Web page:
- Photo by Ivan Weingart
- Richie Ramone and band rock Club Amparo, Carlos Casares, Argentina, 2018
The Ramones changed rock 'n' roll forever. That's a given. A fact that's pointed out often, as it should be. What's not pointed out often enough, however, is another fact: Richie Ramone changed the Ramones.
The drummer was a 26-year-old New Jersey kid named Richard Reinhardt who'd drifted through a series of cover bands and never-quite-made-it acts before joining the world's most famous punk rock band in 1982—and immediately brought some much-needed fire back to the group. Although the Queens quartet had been instrumental in launching the punk explosion not long after they formed in 1974, by the dawn of the 1980s their music had begun slipping. There'd been some patchy albums, second drummer Marky Ramone wasn't holding up his end and was let go, and in came Richie to record their ferocious return to form, 1984's Too Tough to Die. He'd make two more studio albums with the Ramones, 1986's Animal Boy and 1987's Halfway to Sanity (for which he'd sing back-up vocals and pen such songs as "Somebody Put Something in My Drink," one of the group's greatest), and play nearly 500 shows with them before abruptly leaving in 1987. Marky would return for the remainder of the group's career, but Richie, an incredible musician who'd essentially saved the band, dropped off the map. Few knew where he'd come from or where he'd gone to; even his ex-bandmates would barely acknowledge he'd existed. But wherever he was, he clearly had a story to tell. And, as fate would have it, I, Chronogram's arts editor, would come to help him tell it, as the coauthor of his newly published autobiography, I Know Better Now.
"I chased off the idea [of writing a book] a few times, I really had no interest," he tells me about the queries made to the two of us about the project from a literary agent in the winter of 2017. "I thought, 'Okay, maybe, but not now. Later on, after I'm not playing anymore, and I can just put my feet up.' Like On Golden Pond or something. [Laughs.] But then people around me convinced me and I thought about it some more and I figured I should strike while the iron was hot, with so many more people wanting to know about the Ramones these days. Another reason I didn't want to do it at first was 'cuz there were already all these other books out about the Ramones and they're mostly the same stuff, about all the fighting [between band members] and all that. I didn't want [the book] to turn into that. But since you grew up in the same place as me [Northern New Jersey] and you knew a lot about the band, I could tell it was a good fit."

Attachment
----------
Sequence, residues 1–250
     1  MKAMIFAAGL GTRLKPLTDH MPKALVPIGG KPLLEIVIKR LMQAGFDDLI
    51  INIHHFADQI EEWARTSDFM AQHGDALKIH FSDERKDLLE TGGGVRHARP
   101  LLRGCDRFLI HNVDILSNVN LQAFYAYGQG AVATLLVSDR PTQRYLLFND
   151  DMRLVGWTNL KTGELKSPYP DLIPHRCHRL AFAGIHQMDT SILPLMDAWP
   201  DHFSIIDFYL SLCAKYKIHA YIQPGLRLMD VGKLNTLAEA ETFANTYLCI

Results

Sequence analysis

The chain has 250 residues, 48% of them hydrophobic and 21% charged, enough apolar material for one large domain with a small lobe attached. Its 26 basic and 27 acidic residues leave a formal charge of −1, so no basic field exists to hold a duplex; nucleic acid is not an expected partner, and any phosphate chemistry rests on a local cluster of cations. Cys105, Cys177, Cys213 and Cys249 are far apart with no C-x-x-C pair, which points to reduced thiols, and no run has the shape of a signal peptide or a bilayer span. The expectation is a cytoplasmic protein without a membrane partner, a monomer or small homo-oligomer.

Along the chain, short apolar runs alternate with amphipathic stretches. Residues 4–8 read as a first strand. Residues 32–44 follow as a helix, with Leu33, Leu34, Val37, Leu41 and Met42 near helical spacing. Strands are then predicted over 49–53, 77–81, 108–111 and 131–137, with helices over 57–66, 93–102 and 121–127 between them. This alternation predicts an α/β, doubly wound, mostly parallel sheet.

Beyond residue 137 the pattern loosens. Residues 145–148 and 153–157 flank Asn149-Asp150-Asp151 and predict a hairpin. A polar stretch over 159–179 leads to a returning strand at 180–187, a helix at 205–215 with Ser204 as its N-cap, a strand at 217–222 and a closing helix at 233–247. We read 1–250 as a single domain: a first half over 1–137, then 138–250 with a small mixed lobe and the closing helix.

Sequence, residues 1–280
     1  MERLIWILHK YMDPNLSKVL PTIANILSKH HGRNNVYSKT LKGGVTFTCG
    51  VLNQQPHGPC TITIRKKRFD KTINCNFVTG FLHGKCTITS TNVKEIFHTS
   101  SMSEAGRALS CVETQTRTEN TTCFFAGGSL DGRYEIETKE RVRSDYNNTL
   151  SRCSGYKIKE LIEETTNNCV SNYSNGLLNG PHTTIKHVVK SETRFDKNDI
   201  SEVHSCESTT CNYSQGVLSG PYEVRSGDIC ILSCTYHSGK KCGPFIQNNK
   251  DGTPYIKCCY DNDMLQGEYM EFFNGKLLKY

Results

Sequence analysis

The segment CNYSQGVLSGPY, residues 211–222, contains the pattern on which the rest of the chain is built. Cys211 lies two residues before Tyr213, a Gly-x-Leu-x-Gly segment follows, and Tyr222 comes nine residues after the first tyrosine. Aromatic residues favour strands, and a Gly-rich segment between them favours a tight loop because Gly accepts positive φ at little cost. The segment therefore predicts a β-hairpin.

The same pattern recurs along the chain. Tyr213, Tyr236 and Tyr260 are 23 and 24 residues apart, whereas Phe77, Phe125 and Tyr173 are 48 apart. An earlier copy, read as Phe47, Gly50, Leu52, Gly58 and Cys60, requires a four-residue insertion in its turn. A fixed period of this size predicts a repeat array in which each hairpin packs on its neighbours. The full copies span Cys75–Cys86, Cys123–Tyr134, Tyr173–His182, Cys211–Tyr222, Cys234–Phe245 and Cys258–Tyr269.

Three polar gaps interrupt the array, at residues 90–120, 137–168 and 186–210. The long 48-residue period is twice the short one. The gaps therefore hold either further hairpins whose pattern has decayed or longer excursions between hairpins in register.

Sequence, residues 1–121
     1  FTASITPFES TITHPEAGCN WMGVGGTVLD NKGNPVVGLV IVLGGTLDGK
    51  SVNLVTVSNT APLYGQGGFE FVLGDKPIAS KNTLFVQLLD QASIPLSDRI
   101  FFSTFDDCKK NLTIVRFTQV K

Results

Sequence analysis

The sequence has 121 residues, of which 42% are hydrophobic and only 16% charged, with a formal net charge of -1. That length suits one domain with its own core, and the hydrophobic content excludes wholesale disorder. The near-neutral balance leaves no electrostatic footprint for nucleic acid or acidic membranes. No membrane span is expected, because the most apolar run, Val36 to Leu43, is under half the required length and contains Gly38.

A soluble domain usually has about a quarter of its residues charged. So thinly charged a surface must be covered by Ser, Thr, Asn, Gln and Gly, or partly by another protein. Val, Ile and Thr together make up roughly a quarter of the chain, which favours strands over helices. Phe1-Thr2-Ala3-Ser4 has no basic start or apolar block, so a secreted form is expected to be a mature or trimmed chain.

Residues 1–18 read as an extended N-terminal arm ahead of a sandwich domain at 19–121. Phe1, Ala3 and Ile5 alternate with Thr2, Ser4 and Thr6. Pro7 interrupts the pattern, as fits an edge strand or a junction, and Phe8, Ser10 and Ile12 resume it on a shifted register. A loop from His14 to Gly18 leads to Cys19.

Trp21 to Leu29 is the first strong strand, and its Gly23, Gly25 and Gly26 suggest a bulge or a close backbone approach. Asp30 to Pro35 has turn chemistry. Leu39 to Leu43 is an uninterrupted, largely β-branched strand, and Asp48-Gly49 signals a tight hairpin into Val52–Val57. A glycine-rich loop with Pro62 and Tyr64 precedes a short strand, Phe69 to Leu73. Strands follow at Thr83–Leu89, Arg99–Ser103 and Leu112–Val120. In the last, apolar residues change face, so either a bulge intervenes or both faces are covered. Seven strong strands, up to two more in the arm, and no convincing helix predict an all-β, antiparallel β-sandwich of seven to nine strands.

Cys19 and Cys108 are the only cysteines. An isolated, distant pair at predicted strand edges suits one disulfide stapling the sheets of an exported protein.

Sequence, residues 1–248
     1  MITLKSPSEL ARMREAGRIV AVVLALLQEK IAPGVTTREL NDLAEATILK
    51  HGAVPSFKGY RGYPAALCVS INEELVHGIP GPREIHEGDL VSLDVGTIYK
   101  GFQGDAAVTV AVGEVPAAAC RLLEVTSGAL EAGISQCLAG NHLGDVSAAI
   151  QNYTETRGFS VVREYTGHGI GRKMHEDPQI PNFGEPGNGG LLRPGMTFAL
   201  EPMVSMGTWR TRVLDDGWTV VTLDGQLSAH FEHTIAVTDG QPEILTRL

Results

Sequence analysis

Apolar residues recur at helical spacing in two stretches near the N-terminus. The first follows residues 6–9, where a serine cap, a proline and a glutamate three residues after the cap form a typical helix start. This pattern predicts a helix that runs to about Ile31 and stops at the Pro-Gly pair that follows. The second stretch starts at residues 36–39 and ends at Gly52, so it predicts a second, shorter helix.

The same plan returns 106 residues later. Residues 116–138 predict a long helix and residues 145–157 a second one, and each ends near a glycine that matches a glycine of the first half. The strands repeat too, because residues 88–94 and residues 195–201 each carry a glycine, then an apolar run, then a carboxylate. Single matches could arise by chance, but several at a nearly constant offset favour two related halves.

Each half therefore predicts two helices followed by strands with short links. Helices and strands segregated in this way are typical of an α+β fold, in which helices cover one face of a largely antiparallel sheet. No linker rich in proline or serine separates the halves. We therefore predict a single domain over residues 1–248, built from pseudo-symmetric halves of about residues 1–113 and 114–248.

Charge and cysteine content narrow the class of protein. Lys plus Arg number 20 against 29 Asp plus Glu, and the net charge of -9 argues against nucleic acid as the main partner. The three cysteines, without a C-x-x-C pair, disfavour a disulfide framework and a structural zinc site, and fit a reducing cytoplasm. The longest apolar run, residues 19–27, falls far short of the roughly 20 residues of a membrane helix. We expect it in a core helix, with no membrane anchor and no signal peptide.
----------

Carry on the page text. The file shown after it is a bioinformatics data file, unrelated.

Writing the book took a full year. During that time, in addition to touring heavily with his band, Richie and his girlfriend lost their home and many of their possessions to one of the California wildfires and his father passed away. Throughout the process, what became increasingly clear was that Richie is one of rock 'n' roll's true survivors, a vital figure who's seen it all, had his peaks and valleys, done what he had to do to get by, played in one of the greatest bands of all time, and is still rocking hard today. Working on the book together was a new adventure for us both, one completely unlike anything either of us had done before; Richie telling his amazing life story in full for the first time, and me allowing that story to pass through me and onto the page—while staying out of the way as much as possible. It's Richie's story, and my chief aim was to make sure that that story was always being told in his voice.
"People tell me [reading the book] is like sitting in a bar and sharing a beer with me while they listen to me talk, which is awesome," says the drummer. "The Thanksgiving before my dad died, I read the first four chapters to my family when we were sitting around the table after dinner. That was...pretty emotional."
For this humble writer and fan, hearing that means more than anything.
In this excerpt, it's early 1983 and the Ramones have just returned to the East Coast from Los Angeles, where they shot a video for the song "Psycho Therapy," and Richie's about to play his first concert with the band.